On October 26, 2021, I waited in line at the Mendocino Coast Clinic’s mobile vaccination clinic to get my Covid booster shot. When it was my turn, I handed my card through the car window to a young woman who filled out the date and dose and returned it. I tossed it on the passenger seat and moved forward to get my shot. From there, I drove to the designated parking area to wait the required 15 minutes. As I put the card in my wallet, I noticed the date of my first vaccine—February 23rd.
That couldn’t be.
That. Could. Not. Be.
In the early days of the Covid vaccination clinics, none were offered on the Mendocino Coast. People urged me to go inland—to Willits (an hour away) or Ukiah (an hour and a half away), even Santa Rosa (two and a half hours away). One person suggested getting “aggressive” in my quest to get myself and my husband vaccinated. What they didn’t realize, what I didn’t share, is how increasingly disabled Gary had become over the past year. There was no way he would be able to tolerate what I termed a cattle call, traveling such distances only to wait in line with dozens of people. I didn’t have the luxury to be “aggressive.”
Eventually, a friend learned of a vaccination event at Mendocino High School on February 23rd—only a 15-minute drive—and signed me up. My appointment was at 1:00. I arrived at 12:45. Because the school’s parking lot is quite small, I parked on the street at the bottom of the hill. It was a cold day, made colder by the biting wind. I’d put on a sweater, wool suit jacket and scarf. I was going to bring a heavier jacket, but decided against it, figuring the time from leaving my car to entering the gym would only be a matter of minutes.
Near the base of the hill, I was stopped by the end of a line, which by my calculations was a good 10 miles from my destination. I wanted to scream, “What’s going on here? I have an appointment for God’s sake! Don’t tell me these people were all booked for the same time!” I settled myself with the reminder that I’m not the only person in the world, that these people suffered my same predicament and maybe the line would move swiftly.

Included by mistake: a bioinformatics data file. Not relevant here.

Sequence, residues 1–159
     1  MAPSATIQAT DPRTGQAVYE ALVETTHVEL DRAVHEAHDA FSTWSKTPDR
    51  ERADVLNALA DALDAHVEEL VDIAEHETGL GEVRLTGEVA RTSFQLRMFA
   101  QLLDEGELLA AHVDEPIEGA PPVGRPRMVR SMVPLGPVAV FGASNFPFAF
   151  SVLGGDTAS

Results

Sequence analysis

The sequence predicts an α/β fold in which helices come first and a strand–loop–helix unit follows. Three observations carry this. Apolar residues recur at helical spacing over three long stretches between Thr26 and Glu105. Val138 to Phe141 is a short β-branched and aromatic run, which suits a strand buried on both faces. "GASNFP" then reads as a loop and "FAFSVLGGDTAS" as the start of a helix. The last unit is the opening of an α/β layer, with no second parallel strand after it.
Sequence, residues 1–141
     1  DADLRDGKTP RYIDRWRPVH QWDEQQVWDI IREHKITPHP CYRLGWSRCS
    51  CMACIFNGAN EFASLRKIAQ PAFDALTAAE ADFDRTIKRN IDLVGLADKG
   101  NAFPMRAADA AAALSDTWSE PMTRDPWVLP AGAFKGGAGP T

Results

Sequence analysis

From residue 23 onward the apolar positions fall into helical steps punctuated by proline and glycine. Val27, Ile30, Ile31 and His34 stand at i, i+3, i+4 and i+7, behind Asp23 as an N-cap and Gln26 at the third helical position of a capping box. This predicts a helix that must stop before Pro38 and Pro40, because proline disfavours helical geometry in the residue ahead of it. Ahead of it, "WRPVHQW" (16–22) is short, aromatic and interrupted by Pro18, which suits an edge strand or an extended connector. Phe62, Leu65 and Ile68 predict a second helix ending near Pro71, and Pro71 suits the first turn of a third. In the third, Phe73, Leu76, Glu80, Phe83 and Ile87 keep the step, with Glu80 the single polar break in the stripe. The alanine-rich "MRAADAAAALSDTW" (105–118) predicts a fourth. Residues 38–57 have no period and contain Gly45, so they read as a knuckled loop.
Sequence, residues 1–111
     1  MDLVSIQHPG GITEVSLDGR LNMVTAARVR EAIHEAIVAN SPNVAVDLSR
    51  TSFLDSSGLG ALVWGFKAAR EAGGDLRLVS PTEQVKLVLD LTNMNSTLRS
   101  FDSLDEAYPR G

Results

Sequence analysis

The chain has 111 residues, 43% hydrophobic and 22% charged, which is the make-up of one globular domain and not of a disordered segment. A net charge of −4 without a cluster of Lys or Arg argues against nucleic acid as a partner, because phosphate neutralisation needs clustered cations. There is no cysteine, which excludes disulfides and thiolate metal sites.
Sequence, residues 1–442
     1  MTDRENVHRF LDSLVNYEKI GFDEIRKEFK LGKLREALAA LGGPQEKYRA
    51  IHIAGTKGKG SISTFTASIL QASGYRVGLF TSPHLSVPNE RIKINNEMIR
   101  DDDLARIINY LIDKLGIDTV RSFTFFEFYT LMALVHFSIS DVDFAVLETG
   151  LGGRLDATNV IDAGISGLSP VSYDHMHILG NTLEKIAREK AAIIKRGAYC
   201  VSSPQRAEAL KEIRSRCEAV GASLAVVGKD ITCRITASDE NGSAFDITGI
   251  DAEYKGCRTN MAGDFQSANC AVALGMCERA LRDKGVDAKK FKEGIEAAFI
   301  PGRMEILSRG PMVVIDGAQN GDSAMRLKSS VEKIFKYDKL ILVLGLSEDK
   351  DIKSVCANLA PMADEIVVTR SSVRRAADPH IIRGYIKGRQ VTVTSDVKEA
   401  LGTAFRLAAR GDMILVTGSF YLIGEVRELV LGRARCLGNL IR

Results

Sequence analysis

I pulled out my phone and began playing crossword puzzles—the equivalent of sucking my thumb whenever I have to wait. As the line moved slowly—as in snail pace slowly—the air grew colder and the wind more insistent. For the first time ever, I was able to relate to the valiant hikers who struggle against the elements to crest Mount Everest.
If you’ve never been to Mendocino High School—and I assume most of you haven’t—it sits atop one of the most pristine pieces of real estate along the California coastline with a 180-degree view of the Pacific Ocean. Such a shame to waste it in on snarky teenagers who by that time in life hate their small town and can’t wait to escape. If Jeff Bezos ever sees this school, he’ll figure out a way to capture it, tear it down, and turn it into either a rocket launching pad or one of his many luxury retreats.
During the two grueling hours it took me and my fellow hikers to get into the gym, my fingers grew numb from the cold and could no longer navigate the crossword puzzles. I silently cursed those who “organized” this event. They deserved to be punched in the face or at the very least publicly humiliated.
I realize this was early on in the vaccination effort and people were doing the best they could amid the chaos. That doesn’t mean I couldn’t have unpleasant feelings about enduring the hardship of freezing for two hours without snacks or a porta-potty.
When I finally entered the warm gym lobby, I wanted to drop to my knees and weep with gratitude, but feared any tears would freeze to my frostbitten face. A young man asked my name. When he checked his iPad, his brow furrowed. “You’re not in the system.”
I nearly shattered into a million pieces.
I was cursed with two names—Kathleen is my given one, Kate is my nickname. I had said Kathleen. After I said Kate, he looked again and found me. I nearly leaped over his table, grabbed him by the shoulders and kissed him on the mouth.
Inside the gym, an acquaintance who was a volunteer beckoned me to her table where she filled out and gave me my vaccination card. I wallowed in euphoria for the few moments it took her to hand me a slip of paper and say, “You’ll have to check this website in a couple of weeks to register for your follow-up shot.”